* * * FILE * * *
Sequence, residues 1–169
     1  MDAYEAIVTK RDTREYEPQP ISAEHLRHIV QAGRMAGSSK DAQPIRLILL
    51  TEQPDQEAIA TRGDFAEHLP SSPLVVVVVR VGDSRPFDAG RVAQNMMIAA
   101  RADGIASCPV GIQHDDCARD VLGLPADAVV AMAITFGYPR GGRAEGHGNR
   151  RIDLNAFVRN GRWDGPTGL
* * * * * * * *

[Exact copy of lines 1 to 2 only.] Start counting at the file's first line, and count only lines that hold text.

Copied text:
Sequence, residues 1–169
     1  MDAYEAIVTK RDTREYEPQP ISAEHLRHIV QAGRMAGSSK DAQPIRLILL